He also confirmed that the Police Commissioner was due to appear in the Supreme Court on 29 August 2016, to answer to the charges.
He declined to comment further.
And then that scathing report by Ombudsman, Maiava Iulai Toma, showed up. First surfaced earlier this year, it attacked the Police Force and Commissioner Fuiavailiili Lincoln Keil in particular, as “irresponsible”, “unlawful” and “cruel”.
It was in connection with the way they’d conducted their investigation into that unfortunate incident at the Fugalei Market, in August last year.
The report said the defendant, Suitupe Misa, was arrested at gunpoint by a contingent of armed plain clothed officers, in front of a shocked and distressed Fugalei marketplace.
It transpired that Mr. Misa had “committed no crime” and the arrest was “carried out based on insubstantial and second-hand evidence.”
The Ombudsman’s report also said: “The Commissioner of Police failed to meet basic investigation principles and placed undue consideration on second hand evidence, leading directly to the wrongful and unlawful arrest of Suitupe.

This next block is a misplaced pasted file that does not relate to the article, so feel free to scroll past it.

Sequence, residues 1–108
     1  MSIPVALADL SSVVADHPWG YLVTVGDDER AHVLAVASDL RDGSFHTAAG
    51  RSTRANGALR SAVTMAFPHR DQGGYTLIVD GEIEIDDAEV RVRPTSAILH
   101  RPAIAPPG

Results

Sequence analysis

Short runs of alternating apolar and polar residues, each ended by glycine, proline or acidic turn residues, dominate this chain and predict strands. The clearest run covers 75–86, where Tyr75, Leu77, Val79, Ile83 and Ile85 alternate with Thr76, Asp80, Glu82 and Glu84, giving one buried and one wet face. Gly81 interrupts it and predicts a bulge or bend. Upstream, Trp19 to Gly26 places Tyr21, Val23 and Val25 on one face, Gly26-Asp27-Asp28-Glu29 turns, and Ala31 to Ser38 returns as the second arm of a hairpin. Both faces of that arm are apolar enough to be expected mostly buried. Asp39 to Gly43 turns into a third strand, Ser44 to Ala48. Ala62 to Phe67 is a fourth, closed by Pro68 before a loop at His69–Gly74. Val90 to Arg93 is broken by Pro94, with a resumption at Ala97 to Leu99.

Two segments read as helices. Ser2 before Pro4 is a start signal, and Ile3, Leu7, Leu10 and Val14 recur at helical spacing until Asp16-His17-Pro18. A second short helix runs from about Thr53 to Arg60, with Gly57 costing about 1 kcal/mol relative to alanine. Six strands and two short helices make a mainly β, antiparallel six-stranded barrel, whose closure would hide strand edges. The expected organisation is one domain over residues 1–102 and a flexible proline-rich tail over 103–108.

“The Commissioner’s decision to arm and allow the use of firearms by his officers contravened the Use of Force policy, was irresponsible, and could negatively impact the overall safety and security within Samoa.”
Now that’s something to think seriously about I guess.
Still, does the Office of the Ombudsman’s have the constitutional mandate that empowers it to publicly condemn a defendant, who is being accused of an alleged crime even before he has been found guilty by a court of law, of having committed that crime?
It would be interesting to know.
And then there is Prime Minister, Tuilaepa Sa’ilele Malielegaoi, who as we all know, is clearly the man of the moment and indeed, this time it looks as if he is so quite anxious to take that sloppy leap in the fray, he just cannot wait.
On 19 August 2016, the story titled “P.M. downplays legal scrap between Police and N.P.O.”, was published in the Samoa Observer.
In it, Tuilaepa is shown to be acting as if he has truly mellowed down in the role of a caring parent, having shed all those nasty symptoms that had turned him into the imposing tyrant, everyone has been talking fearfully about.
And then commenting on the decision by Cabinet to suspend Police Commissioner, Fuiavailili, and N.P.O. Director, Mauga Precious Chang, he apparently shocked many when made them look like great kids who, in his opinion, this country definitely could do without.